Spring 2021

An aerial view of the TCU campus in 1964.

In 1964, the TCU campus was small but anchored around a library, football field and student union. Some of these amenities were lacking at Jarvis Christian College. Courtesy of TCU Archives

TCU, Jarvis Christian Student Swap Broadened Perspectives

Students from Jarvis Christian College, a historically Black college, spent a week at TCU in 1968.

The year 1968 started with the Vietnam War’s Tet offensive, followed by the assassination of Martin Luther King Jr. People — especially college students — rioted and protested all over the country.

An article in the TCU student newspaper depicts four Black Jarvis Christian College students talking to one white TCU student.

Courtesy of TCU Archives

The same year, 17 students from Jarvis Christian College, a historically Black school in Hawkins, Texas, about 100 miles east of Dallas, swapped places with 14 counterparts from TCU. At the time, both learning institutions were formally affiliated with the Christian Church (Disciples of Christ).

The exchange plan invited Jarvis students to stay at TCU for a week to attend classes and live in the dorms. But TCU students made a day trip. The reason for TCU’s shorter visit is unclear.

When Neil Daniel, an assistant professor of English, asked his Negro American Literature students to visit the Jarvis campus, Philip Miller ’70 jumped at the opportunity.

Miller found that Jarvis had a much smaller campus. It did not have a dedicated library and was centered on a chapel, which students were required to visit every Wednesday. Its student body, around 600 people, was less than one-tenth of TCU’s student population — which was 0.1 percent Black the year of the exchange.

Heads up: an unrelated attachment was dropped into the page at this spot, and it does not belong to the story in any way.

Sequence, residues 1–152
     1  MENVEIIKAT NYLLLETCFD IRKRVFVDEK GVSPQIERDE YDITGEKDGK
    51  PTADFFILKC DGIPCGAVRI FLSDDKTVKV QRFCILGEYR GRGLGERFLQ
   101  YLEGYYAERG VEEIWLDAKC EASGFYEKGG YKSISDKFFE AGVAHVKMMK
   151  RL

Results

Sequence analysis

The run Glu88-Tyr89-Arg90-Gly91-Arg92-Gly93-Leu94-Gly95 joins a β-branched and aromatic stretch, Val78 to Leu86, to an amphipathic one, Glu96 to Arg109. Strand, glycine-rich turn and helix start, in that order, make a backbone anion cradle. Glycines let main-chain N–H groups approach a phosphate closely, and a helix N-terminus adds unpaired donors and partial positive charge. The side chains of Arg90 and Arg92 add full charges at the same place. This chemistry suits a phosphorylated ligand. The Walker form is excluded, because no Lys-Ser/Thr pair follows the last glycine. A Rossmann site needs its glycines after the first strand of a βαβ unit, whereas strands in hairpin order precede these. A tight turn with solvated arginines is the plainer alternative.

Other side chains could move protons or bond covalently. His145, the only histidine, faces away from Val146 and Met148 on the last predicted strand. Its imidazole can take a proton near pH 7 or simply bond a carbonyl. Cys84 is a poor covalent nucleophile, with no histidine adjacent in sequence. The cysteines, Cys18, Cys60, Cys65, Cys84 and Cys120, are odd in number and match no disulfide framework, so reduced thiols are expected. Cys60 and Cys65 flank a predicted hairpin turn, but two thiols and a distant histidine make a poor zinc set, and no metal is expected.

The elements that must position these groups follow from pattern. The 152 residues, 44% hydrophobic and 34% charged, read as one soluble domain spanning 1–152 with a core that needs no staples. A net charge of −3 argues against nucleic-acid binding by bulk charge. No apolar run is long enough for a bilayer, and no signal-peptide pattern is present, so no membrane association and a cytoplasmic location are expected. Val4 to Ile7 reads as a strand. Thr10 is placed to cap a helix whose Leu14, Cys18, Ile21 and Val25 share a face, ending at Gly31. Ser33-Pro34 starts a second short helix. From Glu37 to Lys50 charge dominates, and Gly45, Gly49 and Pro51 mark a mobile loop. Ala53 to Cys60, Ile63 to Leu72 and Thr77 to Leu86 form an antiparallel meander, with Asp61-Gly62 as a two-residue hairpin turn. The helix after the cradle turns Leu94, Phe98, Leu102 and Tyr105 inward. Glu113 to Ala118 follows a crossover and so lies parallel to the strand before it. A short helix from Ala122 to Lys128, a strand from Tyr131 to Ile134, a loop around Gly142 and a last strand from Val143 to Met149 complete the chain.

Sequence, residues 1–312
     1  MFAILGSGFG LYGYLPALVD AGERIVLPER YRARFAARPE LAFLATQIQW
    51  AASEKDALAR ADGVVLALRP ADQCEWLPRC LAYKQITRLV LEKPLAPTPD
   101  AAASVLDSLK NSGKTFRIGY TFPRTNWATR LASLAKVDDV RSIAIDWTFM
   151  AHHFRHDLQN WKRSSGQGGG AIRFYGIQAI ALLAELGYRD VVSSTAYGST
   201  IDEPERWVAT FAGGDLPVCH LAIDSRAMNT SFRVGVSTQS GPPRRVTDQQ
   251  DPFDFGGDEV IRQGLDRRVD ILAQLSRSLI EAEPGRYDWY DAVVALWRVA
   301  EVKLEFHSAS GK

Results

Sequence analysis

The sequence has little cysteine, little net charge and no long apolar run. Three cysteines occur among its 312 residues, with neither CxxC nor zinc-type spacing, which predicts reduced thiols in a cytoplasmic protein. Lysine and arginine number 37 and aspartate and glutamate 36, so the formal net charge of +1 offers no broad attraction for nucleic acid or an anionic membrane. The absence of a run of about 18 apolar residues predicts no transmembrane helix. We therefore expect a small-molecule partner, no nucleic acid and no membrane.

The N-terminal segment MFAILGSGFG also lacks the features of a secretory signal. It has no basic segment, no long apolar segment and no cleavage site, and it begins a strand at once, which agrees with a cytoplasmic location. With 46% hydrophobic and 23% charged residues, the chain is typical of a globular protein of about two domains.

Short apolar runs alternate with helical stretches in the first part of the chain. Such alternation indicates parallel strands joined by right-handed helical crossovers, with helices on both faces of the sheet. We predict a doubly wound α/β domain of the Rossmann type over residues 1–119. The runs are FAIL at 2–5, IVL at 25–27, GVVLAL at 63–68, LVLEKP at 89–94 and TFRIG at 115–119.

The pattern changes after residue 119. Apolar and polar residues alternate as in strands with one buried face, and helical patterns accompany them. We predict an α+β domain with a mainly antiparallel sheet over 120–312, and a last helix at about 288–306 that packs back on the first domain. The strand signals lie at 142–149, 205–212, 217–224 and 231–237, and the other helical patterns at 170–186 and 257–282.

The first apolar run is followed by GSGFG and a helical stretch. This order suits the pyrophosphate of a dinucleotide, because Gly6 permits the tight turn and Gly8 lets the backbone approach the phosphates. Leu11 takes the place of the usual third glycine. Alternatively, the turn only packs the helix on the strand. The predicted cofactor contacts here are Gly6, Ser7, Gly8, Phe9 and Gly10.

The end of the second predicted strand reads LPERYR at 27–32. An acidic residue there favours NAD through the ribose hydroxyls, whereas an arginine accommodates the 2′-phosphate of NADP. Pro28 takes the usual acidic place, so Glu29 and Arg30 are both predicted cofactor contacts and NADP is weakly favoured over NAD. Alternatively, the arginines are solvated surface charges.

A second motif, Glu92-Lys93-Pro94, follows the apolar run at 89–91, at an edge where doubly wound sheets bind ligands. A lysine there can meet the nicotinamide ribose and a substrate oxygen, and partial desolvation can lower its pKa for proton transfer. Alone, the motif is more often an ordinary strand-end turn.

The visit to Jarvis “was educational, informative and, at the same time, slightly disillusioning,” Miller said. “I had heard about Jarvis Christian all my life, and to go and see what humble circumstances the campus was in at that time, it was sobering to realize it was probably just typical of the contrast between historically white institutions and historically Black institutions.”

In 1964, the same year TCU became fully integrated, the TCU Board of Trustees approved a five-year formal affiliation between TCU and Jarvis. Under the agreement, TCU became financially responsible for Jarvis and assumed its academic responsibilities, including overseeing curriculum and hiring faculty.

Jarvis had struggled to repay a $450,000 debt from two fires and large-scale sewage repairs. TCU Chancellor M.E. Sadler, also a Jarvis trustee, had personally sought aid from all over the Southwest, according to an article in The Skiff. By October 1964, Jarvis had received $1 million in grants for infrastructure. One year later, its enrollment had increased by more than 20 percent.

A male student standing outside of a building at Jarvis Christian College.

The Jarvis Christian College campus in Hawkins, Texas, is smaller than that of TCU, but experienced a boom in construction in the ’60s and ’70s. Courtesy of Jarvis Christian College

When Nancy DeWees ’69, a native of Iowa, decided to attend TCU, her father warned her not to get in any discussions about the Civil War or race riots. “That was a pretty scary time in history,” she said.